When everybody else 'gets it'—the bishops' blind spot

By Phil Lawler (bio - articles - email) | Aug 12, 2016

My column yesterday, on how bishops “don’t get it,” has prompted some revealing responses. Without a single exception, the lay people who have taken the time to respond to me have agreed with my basic point: that our bishops are unaware of the extent to which they are the problem. Many of the priests who have responded also agree with me. But all of the disagreements have come from priests. This, I suggest, is a bit more evidence to support my thesis. There is a class of clerics who cannot imagine the possibility that we are suffering from a crisis of clerical corruption. They cannot see what is wrong, because they are what’s wrong. Unfortunately, their failure to recognize the problem does not prevent their rise through the clerical ranks—quite the contrary.

Perhaps I’m a bit obsessed with this thesis—which wouldn’t be surprising, since I’ve been shouting it out from the rooftops for 20 years or so. But I thought I saw the same clerical phenomenon on display in this interesting post by my favorite canon-law expert, Ed Peters. He is writing on a different topic: the failure of American bishops to enforce Canon 915, which requires withholding Communion from those who are in flagrant public defiance of Church teachings on key moral issues. (The latest example is Vice President Joe Biden, who recently presided at a homosexual ‘marriage’ ceremony.)

Peters points out that a Protestant commentator, Carl Trueman, writing in First Things, shows a clear understanding of the need for Catholic bishops to take disciplinary action. “Gracious,” writes Peters, “even some Protestants think it’s time!”

There it is again: that pattern blindness! The canon lawyers see the need for disciplinary action. The loyal lay Catholics see the need. Even the Protestants recognize the need. The only people who don’t see the urgency of the situation (aside from those confused people who don’t object to legal abortion) are the bishops—who are, unfortunately, the only people in a position to enforce the discipline that is so very necessary.

Peters sees the possibility that the American bishops might begin “the long-awaited, major pushback” that is needed. My colleague Jeff Mirus also sees more bishops prepared to take personal responsibility for their flocks. If that trend really has begun, it must be nurtured; if it hasn’t yet started, it must be encouraged.

Phil Lawler has been a Catholic journalist for more than 30 years. He has edited several Catholic magazines and written eight books. Founder of Catholic World News, he is the news director and lead analyst at CatholicCulture.org. See full bio.

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  • Posted by: Bernadette - Aug. 30, 2016 5:01 PM ET USA

    The reason we don't hear about it from the bishops is mainly two-fold: 1. Lack of faith. Many simply don't believe and are "in it" for the power/prestige, loving their authority "to lord it over all." 2. Fear. of losing priests, parishes, popularity, people leaving, empty churches, empty pews, all of which is also part of loss of faith or never having had faith in the first place.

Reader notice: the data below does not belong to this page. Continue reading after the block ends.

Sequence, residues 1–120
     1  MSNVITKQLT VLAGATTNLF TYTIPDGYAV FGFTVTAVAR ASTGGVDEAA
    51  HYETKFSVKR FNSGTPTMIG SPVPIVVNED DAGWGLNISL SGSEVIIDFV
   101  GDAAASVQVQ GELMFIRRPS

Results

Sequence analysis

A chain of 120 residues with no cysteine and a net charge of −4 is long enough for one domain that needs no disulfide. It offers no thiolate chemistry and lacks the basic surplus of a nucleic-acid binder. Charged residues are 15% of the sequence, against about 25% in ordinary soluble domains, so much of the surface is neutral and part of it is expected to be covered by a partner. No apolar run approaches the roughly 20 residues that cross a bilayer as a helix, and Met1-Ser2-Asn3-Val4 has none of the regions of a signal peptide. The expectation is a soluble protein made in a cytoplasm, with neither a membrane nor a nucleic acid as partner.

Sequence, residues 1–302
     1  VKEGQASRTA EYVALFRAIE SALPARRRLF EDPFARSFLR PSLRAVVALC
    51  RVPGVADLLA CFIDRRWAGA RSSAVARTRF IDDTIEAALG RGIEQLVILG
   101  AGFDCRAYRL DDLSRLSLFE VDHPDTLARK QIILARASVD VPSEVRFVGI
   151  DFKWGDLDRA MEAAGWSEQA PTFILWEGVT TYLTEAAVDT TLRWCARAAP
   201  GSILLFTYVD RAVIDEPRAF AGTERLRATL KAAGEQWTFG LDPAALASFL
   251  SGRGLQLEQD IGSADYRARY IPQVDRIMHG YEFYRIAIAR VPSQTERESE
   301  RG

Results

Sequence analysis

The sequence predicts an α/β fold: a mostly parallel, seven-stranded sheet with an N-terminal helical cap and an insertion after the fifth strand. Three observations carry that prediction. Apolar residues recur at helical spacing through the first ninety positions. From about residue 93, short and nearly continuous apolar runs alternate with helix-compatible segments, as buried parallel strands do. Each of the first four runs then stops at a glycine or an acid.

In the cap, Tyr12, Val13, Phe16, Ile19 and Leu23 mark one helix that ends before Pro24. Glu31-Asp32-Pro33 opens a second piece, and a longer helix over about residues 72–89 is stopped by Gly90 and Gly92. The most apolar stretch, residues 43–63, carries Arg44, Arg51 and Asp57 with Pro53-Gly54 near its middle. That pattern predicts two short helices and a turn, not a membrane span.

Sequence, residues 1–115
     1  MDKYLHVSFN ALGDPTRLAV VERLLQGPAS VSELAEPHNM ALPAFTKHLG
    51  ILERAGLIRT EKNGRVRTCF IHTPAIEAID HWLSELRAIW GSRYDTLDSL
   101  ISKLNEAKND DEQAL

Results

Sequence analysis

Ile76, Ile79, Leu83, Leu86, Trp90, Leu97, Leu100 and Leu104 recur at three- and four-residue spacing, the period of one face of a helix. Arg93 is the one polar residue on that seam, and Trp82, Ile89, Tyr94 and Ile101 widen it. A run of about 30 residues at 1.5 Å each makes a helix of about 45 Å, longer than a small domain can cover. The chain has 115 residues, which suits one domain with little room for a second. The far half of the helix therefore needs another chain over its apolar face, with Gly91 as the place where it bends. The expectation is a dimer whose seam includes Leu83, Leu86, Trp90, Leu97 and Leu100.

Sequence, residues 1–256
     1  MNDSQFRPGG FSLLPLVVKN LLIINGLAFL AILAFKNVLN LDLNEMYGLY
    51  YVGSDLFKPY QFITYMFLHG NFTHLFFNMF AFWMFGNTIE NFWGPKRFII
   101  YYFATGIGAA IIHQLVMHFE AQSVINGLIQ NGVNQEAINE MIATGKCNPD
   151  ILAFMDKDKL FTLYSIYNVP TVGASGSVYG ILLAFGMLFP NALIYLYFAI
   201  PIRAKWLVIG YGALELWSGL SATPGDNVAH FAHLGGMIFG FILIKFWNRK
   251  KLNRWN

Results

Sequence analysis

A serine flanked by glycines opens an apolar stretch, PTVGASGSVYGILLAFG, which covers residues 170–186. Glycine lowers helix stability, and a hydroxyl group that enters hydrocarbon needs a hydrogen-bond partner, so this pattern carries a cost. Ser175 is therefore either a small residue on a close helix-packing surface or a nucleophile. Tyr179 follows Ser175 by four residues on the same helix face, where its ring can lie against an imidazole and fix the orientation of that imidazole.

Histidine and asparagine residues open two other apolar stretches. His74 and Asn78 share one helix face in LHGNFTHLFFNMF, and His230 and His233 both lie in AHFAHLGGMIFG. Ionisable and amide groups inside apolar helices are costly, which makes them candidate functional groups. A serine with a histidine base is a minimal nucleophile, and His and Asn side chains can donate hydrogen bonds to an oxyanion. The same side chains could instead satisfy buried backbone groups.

• Posted by: VICTORIA01 - Aug. 17, 2016 5:08 AM ET USA

    The bishops in my little corner of Australia presided over the implosion of authentic Catholic teaching in the Faith and I could count on the fingers of both hands the Faithful priests in my capital city. Nothing appears to be changing except of course the number of people coming to Mass is declining as the ones who used to come die.

  • Posted by: fenton1015153 - Aug. 15, 2016 8:59 AM ET USA

    The Bishops have always leaned toward social governmental programs than addressing the problem of poverty themselves. This has made them trust more in man than in God. So their collective problem is whom they serve. As we have all been told, "You cannot serve both God and Mammon."

  • Posted by: Randal Mandock - Aug. 14, 2016 8:03 PM ET USA

    I became aware of this problem when I was finally old enough to pay attention, i.e., in my late 20s. First there was the auxiliary bishop of Detroit who declared that he would match Reagan dollar for dollar in his support for the communists in Nicaragua. Then there was the prelate of Seattle, the prelate of Chicago, the prelate of Milwaukee, only to name a few. All opposed to right reason in matters of discipline, prudence, and even faith. The laity were the only ones standing against them.

  • Posted by: wcbeckman51 - Aug. 14, 2016 10:11 AM ET USA

    Clericalism is corruption, and it is epidemic.

  • Posted by: rmdkbo8284 - Aug. 13, 2016 1:12 PM ET USA

    Not to ignore the clergy abuse problem in the Church, but has anyone been as forthright on sexual abuse in society as a whole? The problem isn't just in the Church. Sad to say, but the Church may be the least of our problems as a culture. Abuse, porn, rape. As two comic radio personalities used to say "It's every wherewhere, it's everywhere!" Recalling St. Faustina's vision of hell, the vision is frightening.

  • Posted by: rmdkbo8284 - Aug. 13, 2016 12:58 PM ET USA

    Your article, Phil, engaged me so much that I actually signed up for "Catholic Culture" (donated!) so I could enter into the dialogue. To the point: Corrupt clergy, no (some maybe). Dumb, culpable ignorance, they don't get it? Yes. What I find maddening is that you don't really give an answer. So what are your recommendations other than to say, with Bishop Sheen, the layity are at the heart of the solution. Can't you be more specific than that.